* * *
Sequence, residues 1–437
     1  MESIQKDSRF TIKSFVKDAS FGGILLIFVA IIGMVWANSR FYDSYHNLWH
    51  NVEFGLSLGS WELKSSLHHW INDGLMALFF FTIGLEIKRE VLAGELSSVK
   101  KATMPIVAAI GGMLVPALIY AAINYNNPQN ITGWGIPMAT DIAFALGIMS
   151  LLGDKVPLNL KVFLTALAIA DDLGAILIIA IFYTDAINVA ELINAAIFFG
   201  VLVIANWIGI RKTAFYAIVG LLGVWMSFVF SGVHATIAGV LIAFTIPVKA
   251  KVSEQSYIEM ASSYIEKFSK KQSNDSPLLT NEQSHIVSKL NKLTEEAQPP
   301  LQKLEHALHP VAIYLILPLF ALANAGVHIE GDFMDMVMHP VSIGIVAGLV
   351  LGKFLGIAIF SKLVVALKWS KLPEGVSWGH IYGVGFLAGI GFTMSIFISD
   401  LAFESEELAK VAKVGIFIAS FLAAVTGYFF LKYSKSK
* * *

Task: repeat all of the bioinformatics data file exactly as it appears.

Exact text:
Sequence, residues 1–437
     1  MESIQKDSRF TIKSFVKDAS FGGILLIFVA IIGMVWANSR FYDSYHNLWH
    51  NVEFGLSLGS WELKSSLHHW INDGLMALFF FTIGLEIKRE VLAGELSSVK
   101  KATMPIVAAI GGMLVPALIY AAINYNNPQN ITGWGIPMAT DIAFALGIMS
   151  LLGDKVPLNL KVFLTALAIA DDLGAILIIA IFYTDAINVA ELINAAIFFG
   201  VLVIANWIGI RKTAFYAIVG LLGVWMSFVF SGVHATIAGV LIAFTIPVKA
   251  KVSEQSYIEM ASSYIEKFSK KQSNDSPLLT NEQSHIVSKL NKLTEEAQPP
   301  LQKLEHALHP VAIYLILPLF ALANAGVHIE GDFMDMVMHP VSIGIVAGLV
   351  LGKFLGIAIF SKLVVALKWS KLPEGVSWGH IYGVGFLAGI GFTMSIFISD
   401  LAFESEELAK VAKVGIFIAS FLAAVTGYFF LKYSKSK